He visited us one fall. I came home from school and she met me in the kitchen smiling and said, "Guess who's on his way down now? Kenny. He's leaving this instant. He's bringing his new girlfriend Theresa. 'Scuse, me, Thuh-resa."
"I just got off the phone with your dad. Not too happy." She cracked open a beer.
Her siblings and even her parents did that all the time -- just picked up the phone and said they were coming. "Only on her side of the family," my dad would tell me, about whatever. The divorces, the missed child payments, the mishaps with sleeping pills. Frustrating for me was the way she switched sides constantly, depending on which one of us she was talking to.
She was smoking again and she puffed, sipped on her beer, and locked me in with her dark Darden gaze and said, "We're not supposed to pronounce it Teresa, it's Thuh-resa, with a T-h."
She took another sip and puff and said, "Well, poo-poopy-doo. I'm just wondering what she's like. Says he's in love." She rolled her eyes and fluttered her eyelashes, finishing by raising her eyebrows and frowning.
They came in the middle of the night in Kenny's Datsun 240Z. They called from outside Valdosta, Georgia to say they'd be on I-10 soon and would be getting in they-didn't-know-when. My mother and I sat up. She smoked and drank one more beer and kept a vague eye on the show I was watching, interrupting periodically to say, "I'm dreading this, frankly." I turned to give her my attention but she'd already been contradicting herself too much. "Your father and I both."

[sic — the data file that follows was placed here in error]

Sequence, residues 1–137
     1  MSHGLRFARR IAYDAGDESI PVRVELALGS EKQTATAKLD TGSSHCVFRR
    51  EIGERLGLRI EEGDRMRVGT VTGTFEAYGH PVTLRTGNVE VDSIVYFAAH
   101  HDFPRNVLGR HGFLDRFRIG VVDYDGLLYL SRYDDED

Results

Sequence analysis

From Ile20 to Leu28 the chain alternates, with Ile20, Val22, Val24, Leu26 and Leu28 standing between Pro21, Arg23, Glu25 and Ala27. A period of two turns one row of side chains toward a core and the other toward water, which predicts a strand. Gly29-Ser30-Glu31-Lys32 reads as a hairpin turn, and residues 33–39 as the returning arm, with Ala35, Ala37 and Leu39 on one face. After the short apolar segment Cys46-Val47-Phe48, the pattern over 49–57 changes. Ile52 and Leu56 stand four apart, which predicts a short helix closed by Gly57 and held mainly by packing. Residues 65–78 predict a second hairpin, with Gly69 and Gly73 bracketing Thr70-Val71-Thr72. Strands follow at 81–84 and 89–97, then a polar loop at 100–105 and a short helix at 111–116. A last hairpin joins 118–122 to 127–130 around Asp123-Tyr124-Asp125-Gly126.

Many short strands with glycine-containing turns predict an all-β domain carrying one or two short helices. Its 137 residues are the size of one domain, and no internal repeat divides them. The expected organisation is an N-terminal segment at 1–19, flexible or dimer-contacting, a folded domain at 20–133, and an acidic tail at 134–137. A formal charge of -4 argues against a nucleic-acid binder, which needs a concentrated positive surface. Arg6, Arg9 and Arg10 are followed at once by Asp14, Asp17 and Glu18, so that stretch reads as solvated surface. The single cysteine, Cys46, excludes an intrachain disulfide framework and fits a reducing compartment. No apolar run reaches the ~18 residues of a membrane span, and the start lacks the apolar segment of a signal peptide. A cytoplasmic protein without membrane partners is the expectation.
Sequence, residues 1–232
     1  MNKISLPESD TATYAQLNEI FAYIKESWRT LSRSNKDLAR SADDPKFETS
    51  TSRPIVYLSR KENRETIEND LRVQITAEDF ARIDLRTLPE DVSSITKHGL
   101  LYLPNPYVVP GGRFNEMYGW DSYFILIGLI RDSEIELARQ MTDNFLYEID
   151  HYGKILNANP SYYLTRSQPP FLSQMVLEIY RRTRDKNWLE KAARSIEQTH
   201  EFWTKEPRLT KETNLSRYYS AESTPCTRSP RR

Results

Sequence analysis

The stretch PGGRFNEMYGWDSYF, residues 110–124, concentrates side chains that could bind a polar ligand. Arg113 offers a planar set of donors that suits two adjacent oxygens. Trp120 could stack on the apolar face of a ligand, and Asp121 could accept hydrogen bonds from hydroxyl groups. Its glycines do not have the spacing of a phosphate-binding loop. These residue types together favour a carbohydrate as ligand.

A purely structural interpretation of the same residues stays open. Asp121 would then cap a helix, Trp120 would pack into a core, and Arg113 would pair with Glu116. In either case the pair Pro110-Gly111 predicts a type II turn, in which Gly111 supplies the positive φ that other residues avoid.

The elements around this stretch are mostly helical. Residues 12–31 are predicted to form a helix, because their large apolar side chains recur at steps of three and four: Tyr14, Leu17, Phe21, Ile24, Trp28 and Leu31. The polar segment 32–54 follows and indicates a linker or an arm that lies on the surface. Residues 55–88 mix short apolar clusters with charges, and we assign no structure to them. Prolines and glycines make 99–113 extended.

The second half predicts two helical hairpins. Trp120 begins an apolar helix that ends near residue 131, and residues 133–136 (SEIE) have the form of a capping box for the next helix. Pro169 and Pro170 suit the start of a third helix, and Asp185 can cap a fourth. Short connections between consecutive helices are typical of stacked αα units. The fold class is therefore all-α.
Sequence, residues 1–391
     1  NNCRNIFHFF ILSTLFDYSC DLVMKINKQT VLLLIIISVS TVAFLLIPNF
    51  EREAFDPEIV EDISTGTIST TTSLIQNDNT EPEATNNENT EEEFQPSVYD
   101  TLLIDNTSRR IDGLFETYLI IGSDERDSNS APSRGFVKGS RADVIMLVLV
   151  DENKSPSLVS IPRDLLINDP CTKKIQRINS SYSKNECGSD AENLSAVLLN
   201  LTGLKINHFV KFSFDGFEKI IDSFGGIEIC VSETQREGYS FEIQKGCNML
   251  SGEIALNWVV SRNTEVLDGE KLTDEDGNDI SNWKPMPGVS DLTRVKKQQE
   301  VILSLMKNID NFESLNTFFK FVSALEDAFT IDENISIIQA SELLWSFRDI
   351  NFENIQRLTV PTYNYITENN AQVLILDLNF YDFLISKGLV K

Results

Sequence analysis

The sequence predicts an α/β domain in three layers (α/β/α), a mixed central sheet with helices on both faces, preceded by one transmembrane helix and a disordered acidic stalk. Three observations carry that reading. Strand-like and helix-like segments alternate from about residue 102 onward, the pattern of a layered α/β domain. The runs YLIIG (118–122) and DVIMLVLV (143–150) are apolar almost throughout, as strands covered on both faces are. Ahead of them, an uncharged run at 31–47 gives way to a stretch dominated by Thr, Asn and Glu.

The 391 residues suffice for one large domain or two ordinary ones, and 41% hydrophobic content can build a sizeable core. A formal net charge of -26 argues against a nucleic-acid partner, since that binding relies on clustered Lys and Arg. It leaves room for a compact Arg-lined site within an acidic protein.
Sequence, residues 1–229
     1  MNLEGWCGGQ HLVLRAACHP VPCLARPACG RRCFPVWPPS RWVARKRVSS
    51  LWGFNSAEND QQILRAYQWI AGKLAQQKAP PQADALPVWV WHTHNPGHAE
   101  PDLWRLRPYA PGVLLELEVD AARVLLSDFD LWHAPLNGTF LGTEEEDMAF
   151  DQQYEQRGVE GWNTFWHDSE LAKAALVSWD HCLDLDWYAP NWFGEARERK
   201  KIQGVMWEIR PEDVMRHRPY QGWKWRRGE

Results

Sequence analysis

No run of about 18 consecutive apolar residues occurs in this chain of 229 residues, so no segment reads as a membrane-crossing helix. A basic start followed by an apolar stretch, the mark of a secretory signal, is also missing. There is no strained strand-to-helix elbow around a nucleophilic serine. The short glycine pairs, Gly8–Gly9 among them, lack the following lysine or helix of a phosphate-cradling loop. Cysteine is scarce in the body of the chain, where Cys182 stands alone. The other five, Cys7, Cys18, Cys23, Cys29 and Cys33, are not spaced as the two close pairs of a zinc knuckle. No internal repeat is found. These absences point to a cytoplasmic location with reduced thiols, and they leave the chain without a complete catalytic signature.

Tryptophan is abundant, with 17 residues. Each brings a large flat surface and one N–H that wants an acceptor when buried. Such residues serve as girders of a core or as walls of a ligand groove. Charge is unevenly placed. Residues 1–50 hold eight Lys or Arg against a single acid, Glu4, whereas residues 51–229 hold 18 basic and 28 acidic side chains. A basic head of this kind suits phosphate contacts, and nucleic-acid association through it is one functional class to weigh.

They called from in front of the Li'l Champ near our subdivision needing directions again. She and I went out to greet them in the driveway. Getting out of the car, they didn't censor their voices. They whooped and my mother laughed. "Miracles never cease!" said Kenny. "That's a long-ass haul, y'all!" He was, I thought, countrifying his voice more and more.
I went around to his side of the sports car and squeezed in close, smiling frozen again, and he hugged me and said, "Hey, boog. What's up? You stayed up just for us?"
My mother was on us in a second, and he took her and dipped her like a tango dancer, and when she came back up he kissed her. "Hey, sis."
They stayed up and I was sent to bed after a while. My father had already planned a day of fishing and wouldn't cancel his plans. They slept all morning in my bed -- the same bed Kenny had slept on in Texas. Bored with waiting, I found my mother in the kitchen. She was making all kinds of sauces to freeze and thaw out as needed during their stay. "Rough night," she said. And yet she was cheerful. There was a look she got only when she was near Kenny, or her sister, that said, "We've survived. Don't know for how much longer, but we've made it this far."